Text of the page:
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Expanded coverage of contraceptives urged by experts

An independent panel of doctors and health experts Tuesday recommended that health plans cover contraceptives for women without co-pays, setting the stage for another debate over the impact of the healthcare overhaul President Obama signed last year.

The new law requires new health plans to cover a basic set of preventive health services without co-pays or deductibles for patients.

And the Obama administration asked the Institute of Medicine, a branch of the National Academy of Sciences, to review which services should be covered for women.

Among eight recommendations issued Tuesday, the Institute of Medicine panel urged coverage for “the full range of Food and Drug Administration-approved contraceptive methods, sterilization procedures, and patient education and counseling for all women with reproductive capacity.”

Many experts see preventing unwanted pregnancies as critical to women’s and babies’ health, as women with unwanted pregnancies are less likely to receive prenatal care and engage in unsafe behaviors such as drinking and smoking.

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But some anti-abortion groups had objected to expanding coverage for contraception, singling out several emergency contraceptives that can prevent implantation of a fertilized egg.

The Department of Health and Human Services will consider the recommendations as it finalizes regulations outlining which preventive services will have to be covered by new health plans.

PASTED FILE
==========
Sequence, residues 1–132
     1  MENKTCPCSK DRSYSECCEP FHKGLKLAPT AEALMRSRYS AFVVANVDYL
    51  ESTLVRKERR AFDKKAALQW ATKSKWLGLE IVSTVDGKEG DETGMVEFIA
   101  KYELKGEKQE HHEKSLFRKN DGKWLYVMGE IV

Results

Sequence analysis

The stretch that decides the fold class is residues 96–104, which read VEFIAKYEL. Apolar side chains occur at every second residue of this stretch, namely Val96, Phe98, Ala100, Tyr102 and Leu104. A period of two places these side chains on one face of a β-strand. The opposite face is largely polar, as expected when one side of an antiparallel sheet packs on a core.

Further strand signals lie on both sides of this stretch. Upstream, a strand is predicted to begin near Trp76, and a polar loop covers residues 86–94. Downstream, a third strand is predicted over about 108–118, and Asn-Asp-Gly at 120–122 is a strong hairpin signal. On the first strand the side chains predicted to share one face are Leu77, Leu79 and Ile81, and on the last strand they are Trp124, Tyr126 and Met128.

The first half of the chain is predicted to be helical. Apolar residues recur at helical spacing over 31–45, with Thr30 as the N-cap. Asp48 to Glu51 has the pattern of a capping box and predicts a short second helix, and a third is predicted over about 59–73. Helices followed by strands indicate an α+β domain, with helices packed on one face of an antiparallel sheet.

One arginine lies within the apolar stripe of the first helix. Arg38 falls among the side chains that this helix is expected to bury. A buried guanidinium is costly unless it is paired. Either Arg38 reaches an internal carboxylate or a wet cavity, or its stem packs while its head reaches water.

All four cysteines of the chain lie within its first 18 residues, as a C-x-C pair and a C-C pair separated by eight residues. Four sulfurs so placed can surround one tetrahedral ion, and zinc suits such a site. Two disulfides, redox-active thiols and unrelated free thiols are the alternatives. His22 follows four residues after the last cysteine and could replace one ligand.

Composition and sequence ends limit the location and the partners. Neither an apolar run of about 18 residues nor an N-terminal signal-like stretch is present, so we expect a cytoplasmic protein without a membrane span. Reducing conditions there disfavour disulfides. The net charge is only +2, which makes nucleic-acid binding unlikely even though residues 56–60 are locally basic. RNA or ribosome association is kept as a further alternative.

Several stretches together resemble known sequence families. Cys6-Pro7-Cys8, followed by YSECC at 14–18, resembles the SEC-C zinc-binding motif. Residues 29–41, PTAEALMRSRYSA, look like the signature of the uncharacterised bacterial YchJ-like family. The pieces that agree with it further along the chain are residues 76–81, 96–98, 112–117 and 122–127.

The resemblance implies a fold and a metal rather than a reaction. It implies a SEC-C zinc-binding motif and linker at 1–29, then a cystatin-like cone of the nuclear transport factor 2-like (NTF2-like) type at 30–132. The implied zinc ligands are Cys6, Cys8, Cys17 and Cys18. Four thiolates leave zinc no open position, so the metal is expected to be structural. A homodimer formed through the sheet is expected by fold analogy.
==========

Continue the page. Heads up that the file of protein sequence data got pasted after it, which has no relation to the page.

The other preventive services for women that the panel recommended be covered without cost sharing include:

-Screening for gestational diabetes

-Human papillomavirus (HPV) testing as part of cervical cancer screening for women over 30

-Counseling on sexually transmitted infections

-Counseling and screening for HIV

-Lactation counseling and equipment to promote breast-feeding

-Screening and counseling to detect and prevent domestic violence

-Annual preventive care visits

“This report provides a road map for improving the health and well-being of women,” said Dr. Linda Rosenstock, dean of the School of Public Health at UCLA and chair of the panel.

“The eight services we identified are necessary to support women’s optimal health and well-being. Each recommendation stands on a foundation of evidence supporting its effectiveness,” she said in a statement.

The architects of the health overhaul made prevention a major focus of the new law, driven by growing consensus among physicians and public health experts that more aggressive efforts to prevent disease could help restrain the nation’s growing healthcare costs.

Thanks to the new law, Medicare, the federal insurance program for the elderly, has already begun offering beneficiaries access to many preventive services such as cancer screenings without co-pays or deductibles.

Noam.levey@latimes.com


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